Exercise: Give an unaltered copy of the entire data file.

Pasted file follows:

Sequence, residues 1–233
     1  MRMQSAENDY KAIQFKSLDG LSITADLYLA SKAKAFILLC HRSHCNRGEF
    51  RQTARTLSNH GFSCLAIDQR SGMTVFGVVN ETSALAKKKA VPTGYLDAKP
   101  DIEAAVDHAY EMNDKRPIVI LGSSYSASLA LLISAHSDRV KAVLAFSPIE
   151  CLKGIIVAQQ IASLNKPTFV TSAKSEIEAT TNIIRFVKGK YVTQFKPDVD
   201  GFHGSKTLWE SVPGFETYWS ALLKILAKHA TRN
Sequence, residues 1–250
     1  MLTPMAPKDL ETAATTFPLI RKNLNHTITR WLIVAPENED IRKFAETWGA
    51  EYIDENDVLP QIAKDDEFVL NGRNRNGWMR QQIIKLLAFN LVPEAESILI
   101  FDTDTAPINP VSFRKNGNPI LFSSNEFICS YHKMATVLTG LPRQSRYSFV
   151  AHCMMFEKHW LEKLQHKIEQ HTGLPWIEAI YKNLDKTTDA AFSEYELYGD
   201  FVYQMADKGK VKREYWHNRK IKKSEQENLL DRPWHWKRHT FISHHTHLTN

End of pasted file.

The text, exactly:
Sequence, residues 1–233
     1  MRMQSAENDY KAIQFKSLDG LSITADLYLA SKAKAFILLC HRSHCNRGEF
    51  RQTARTLSNH GFSCLAIDQR SGMTVFGVVN ETSALAKKKA VPTGYLDAKP
   101  DIEAAVDHAY EMNDKRPIVI LGSSYSASLA LLISAHSDRV KAVLAFSPIE
   151  CLKGIIVAQQ IASLNKPTFV TSAKSEIEAT TNIIRFVKGK YVTQFKPDVD
   201  GFHGSKTLWE SVPGFETYWS ALLKILAKHA TRN
Sequence, residues 1–250
     1  MLTPMAPKDL ETAATTFPLI RKNLNHTITR WLIVAPENED IRKFAETWGA
    51  EYIDENDVLP QIAKDDEFVL NGRNRNGWMR QQIIKLLAFN LVPEAESILI
   101  FDTDTAPINP VSFRKNGNPI LFSSNEFICS YHKMATVLTG LPRQSRYSFV
   151  AHCMMFEKHW LEKLQHKIEQ HTGLPWIEAI YKNLDKTTDA AFSEYELYGD
   201  FVYQMADKGK VKREYWHNRK IKKSEQENLL DRPWHWKRHT FISHHTHLTN